A year ago, Downtown, like many companies, issued a formal statement expressing our solidarity with the Black community. We issued that statement as part of our public support for and participation in #TheShowMustBePaused, an initiative led by two young Black music industry executives, Brianna Agyemang and Jamila Thomas. Their efforts were the cornerstone of the broader collective action now referred to as Blackout Tuesday. This public action came about in response to the public demonstrations across the U.S. and the world calling for an end to police violence that has long targeted Black people and Black communities and accountability for not only those responsible for the death of George Floyd, but those responsible for the murders of Breyonna Taylor, Ahmaud Arbery, and too many other Black citizens.
As we collectively mark the first anniversary of #TheShowMustBePaused and Blackout Tuesday, we wanted to discuss publicly for the first time some of the work we have been doing at Downtown to address systemic racism and inequities.
During the last year, we’ve taken on a number of initiatives designed to address diversity, equity, and inclusion (DE&I) within Downtown. We’ve established internal training programs for all employees and people managers focused on understanding identity, unconscious bias, and inclusive hiring practices, among others. We developed an Employee Resource Group (ERG) program and policies, and now have three very active ERGs with members across all Downtown companies. In partnership with our first ever ERG, Black Power in Music (BPM), we made financial donations to nine different not-for-profit organizations focused on a variety of issues whose work directly impacts Black communities, ranging from U.S. voter equality to youth music education.
We’ve continued our work as one of the founding organizations supporting Sound Thinking NYC, a free program for New York City public high school students designed to address gender and racial equity in the music industry by expanding access to opportunities for the next generation of industry leaders. We created Downtown Summer School, to provide anyone—regardless of geography, background, or experience—an opportunity to learn more about the music business. We welcomed our first ever virtual internship cohort for Fall 2020/Spring 2021, which further opened up internship opportunities to a diverse range of candidates. Additionally, we initiated a full review and analysis of pay equity for our business units. Though that detailed and complex work is still underway, once complete we’ll have comprehensive guidelines to ensure there is standardization of salaries and titles across the entire organization. We also produce and share quarterly updates internally to document our progress on DE&I initiatives and ensure accountability.
As noted above, one of the most important developments following Blackout Tuesday was the formation of Black Power in Music. BPM’s advocacy has been powerful and transformational. With a formal membership now comprising more than 30 employees from across all Downtown-owned companies, BPM has partnered with various internal teams and external organizations to successfully champion a number of important initiatives. Some highlights of BPM’s many contributions include:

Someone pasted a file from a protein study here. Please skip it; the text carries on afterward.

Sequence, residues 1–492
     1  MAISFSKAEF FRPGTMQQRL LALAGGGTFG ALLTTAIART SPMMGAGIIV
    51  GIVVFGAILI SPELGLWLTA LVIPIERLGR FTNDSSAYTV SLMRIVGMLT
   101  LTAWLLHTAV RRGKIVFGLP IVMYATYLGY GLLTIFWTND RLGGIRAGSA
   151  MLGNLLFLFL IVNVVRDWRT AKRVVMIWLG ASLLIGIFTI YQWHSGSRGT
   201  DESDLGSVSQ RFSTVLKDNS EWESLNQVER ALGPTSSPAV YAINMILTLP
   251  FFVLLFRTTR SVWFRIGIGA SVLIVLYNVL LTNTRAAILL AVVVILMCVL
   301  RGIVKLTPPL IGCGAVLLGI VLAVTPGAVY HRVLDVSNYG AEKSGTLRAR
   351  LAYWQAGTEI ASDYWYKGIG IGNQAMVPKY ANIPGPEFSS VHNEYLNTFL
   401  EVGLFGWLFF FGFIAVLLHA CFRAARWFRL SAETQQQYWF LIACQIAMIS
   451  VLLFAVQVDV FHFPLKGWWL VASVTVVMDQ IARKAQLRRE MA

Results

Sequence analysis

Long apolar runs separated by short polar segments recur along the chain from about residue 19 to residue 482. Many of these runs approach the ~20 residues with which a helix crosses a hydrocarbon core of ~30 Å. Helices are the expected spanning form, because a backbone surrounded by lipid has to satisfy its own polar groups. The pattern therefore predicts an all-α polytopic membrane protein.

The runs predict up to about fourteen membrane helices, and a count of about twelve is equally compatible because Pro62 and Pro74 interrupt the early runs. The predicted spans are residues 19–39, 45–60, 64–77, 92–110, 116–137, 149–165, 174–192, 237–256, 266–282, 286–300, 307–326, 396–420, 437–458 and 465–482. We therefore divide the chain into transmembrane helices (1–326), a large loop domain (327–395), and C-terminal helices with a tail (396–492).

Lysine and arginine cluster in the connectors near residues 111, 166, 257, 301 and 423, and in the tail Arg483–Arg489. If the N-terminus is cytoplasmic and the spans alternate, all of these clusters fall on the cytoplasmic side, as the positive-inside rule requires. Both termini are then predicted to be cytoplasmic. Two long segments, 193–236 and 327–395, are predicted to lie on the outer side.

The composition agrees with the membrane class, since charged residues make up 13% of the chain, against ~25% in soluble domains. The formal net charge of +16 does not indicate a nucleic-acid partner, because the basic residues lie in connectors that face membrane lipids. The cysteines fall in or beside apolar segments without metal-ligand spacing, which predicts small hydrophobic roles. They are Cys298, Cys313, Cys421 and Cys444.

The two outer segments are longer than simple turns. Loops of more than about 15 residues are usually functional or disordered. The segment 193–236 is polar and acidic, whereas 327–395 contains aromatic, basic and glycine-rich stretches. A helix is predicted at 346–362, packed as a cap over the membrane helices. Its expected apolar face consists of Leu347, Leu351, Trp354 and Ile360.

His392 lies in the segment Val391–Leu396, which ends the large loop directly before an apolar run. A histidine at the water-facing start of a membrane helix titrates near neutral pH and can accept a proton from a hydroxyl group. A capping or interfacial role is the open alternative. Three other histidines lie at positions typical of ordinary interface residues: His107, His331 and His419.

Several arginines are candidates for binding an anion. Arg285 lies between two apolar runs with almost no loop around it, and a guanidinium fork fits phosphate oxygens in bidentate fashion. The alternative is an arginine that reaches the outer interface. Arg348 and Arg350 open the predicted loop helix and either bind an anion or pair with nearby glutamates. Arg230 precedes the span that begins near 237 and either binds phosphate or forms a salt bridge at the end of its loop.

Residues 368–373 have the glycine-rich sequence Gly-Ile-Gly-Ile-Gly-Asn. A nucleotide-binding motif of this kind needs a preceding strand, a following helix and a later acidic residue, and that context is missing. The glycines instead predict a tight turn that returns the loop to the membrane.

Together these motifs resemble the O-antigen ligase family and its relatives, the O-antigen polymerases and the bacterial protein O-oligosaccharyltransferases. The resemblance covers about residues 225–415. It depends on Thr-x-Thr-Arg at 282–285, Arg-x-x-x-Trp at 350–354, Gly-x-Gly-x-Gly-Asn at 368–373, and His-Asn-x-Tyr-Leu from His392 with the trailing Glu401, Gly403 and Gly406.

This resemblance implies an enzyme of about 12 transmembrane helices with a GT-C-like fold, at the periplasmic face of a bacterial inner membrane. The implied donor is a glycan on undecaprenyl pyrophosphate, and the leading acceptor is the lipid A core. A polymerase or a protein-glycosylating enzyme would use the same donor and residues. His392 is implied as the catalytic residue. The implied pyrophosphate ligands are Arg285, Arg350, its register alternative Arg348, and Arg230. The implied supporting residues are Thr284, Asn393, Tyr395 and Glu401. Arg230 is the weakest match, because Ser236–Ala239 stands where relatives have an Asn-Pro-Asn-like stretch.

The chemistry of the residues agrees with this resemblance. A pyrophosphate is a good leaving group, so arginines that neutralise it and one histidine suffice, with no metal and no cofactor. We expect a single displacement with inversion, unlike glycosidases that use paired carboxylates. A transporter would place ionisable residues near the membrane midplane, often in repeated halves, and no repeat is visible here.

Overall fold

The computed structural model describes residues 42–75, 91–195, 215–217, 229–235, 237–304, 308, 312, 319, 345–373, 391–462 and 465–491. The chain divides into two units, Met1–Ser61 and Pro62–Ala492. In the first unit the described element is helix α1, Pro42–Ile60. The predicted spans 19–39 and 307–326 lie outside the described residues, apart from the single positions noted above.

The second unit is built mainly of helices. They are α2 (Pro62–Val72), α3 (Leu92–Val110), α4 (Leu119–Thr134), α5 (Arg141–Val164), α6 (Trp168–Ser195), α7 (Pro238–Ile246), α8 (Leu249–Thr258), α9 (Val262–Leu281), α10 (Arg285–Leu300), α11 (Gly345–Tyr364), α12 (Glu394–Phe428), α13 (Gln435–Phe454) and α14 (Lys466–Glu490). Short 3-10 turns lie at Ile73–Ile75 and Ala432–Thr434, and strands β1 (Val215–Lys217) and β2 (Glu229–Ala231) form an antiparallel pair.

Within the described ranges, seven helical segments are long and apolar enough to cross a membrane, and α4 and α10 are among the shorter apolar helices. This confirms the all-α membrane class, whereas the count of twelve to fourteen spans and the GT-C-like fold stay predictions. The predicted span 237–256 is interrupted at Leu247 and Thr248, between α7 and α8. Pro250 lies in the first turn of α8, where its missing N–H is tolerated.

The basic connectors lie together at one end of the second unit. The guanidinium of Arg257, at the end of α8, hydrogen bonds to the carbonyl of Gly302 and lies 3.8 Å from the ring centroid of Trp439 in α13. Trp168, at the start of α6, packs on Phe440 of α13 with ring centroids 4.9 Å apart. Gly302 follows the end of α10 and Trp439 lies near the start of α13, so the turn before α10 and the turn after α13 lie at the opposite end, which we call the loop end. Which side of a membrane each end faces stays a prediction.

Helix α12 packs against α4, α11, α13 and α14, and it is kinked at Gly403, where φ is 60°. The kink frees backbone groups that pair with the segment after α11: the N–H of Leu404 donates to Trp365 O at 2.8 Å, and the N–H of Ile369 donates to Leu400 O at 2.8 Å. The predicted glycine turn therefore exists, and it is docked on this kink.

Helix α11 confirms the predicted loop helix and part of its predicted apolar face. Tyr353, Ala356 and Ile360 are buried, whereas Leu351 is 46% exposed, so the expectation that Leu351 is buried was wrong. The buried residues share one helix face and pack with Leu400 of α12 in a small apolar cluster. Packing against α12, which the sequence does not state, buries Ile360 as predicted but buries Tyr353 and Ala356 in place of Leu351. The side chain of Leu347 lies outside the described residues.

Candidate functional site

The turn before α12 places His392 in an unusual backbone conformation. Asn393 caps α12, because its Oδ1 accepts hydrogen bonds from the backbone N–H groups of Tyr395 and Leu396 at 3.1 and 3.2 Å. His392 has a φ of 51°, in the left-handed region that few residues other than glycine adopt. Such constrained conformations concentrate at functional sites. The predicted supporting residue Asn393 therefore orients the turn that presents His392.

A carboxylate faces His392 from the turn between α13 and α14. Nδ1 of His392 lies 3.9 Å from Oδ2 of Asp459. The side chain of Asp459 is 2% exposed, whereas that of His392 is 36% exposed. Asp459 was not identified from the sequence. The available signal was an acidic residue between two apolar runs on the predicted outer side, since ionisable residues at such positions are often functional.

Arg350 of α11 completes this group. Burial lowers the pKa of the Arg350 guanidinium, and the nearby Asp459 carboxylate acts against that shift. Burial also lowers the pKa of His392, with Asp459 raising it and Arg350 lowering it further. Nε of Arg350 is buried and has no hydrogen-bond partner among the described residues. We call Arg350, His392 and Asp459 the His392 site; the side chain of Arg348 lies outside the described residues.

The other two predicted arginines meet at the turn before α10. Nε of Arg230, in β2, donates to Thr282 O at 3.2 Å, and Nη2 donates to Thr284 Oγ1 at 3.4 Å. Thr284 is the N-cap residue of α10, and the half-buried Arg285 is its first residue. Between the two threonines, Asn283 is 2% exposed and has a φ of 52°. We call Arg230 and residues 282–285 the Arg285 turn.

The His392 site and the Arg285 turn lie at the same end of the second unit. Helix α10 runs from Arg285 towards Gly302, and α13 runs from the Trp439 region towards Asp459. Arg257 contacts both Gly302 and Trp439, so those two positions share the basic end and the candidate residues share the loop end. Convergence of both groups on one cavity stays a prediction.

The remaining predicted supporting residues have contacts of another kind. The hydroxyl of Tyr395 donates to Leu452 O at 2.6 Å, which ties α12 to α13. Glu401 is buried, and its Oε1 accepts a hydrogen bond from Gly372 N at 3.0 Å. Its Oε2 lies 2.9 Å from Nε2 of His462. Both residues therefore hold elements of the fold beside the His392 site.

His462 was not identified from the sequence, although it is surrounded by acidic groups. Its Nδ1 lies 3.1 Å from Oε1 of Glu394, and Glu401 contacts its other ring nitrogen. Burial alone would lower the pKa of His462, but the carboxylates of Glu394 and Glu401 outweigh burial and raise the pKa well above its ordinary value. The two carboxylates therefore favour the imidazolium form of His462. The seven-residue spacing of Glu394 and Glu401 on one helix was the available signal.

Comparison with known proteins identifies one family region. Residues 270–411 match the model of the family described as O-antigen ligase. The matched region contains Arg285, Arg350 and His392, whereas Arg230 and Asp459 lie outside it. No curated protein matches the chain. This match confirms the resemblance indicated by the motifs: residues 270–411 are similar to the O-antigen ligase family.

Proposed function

Recruitment and Hiring
- Successfully advocated for updates to internship programs to ensure all internships are paid across Downtown companies;
- Initiated and partnered with Downtown’s People Team to establish recruitment outreach to Historically Black Colleges & Universities (HBCU), as well as local and state public universities, and local to ensure a more diverse talent pipeline for both internships and full-time roles;
- Offered and facilitated distribution of laptops when needed for students participating in Downtown’s 2020/2021 virtual internship program;
- Sponsored and produced Downtown’s first-ever Volunteer Week highlighting six non-profit organizations and facilitating volunteer opportunities for employees around the world;
- Organized a volunteer letter writing campaign through Vote by Mail in Jail to help incarcerated eligible voters ahead of the 2020 US general election;
Programming and Events
- Established the BPM speaker series, which have to date featured sessions with Shani Tran and other experts, as well as, music industry executives Melanie Santa-Rosa, and Shani Gonzales;
- Established the BPM Book club, a regular community discussion about books focused on the Black experience;
- Developed and launched a Black Excellence and Wellness initiative with dedicated programming focused on entrepreneurship and mental health issues.
We are grateful and proud of the leadership demonstrated by BPM. We’re also proud of the work we’ve done to date collectively within Downtown, but we know that we still have plenty left to do in 2021 and beyond. As an organization, Downtown must continue to foster a strong pipeline of diverse talent in partnership with BPM and other ERGs. We need to establish better pathways for professional development for Black employees, among others, to help increase diversity within senior roles. Though we have passionate advocates in our ranks along side highly engaged ERGs, we also know that we need to continue to invest in DE&I moving forward, including examining in-house resources and expertise to ensure we can create a more diverse, equitable, and inclusive workplace across all of our business units.
The work to dismantle systemic racism is not passive. It is not accomplished with a social media post or a single check. While those actions can be helpful, the work to end systemic racism and all forms of oppression and injustice is an active pursuit. It is our hope that this honest inventory of what Downtown has accomplished so far in our journey and where we’ve fallen short will serve to further hold us accountable as we continue to create a more diverse, equitable, and inclusive Downtown.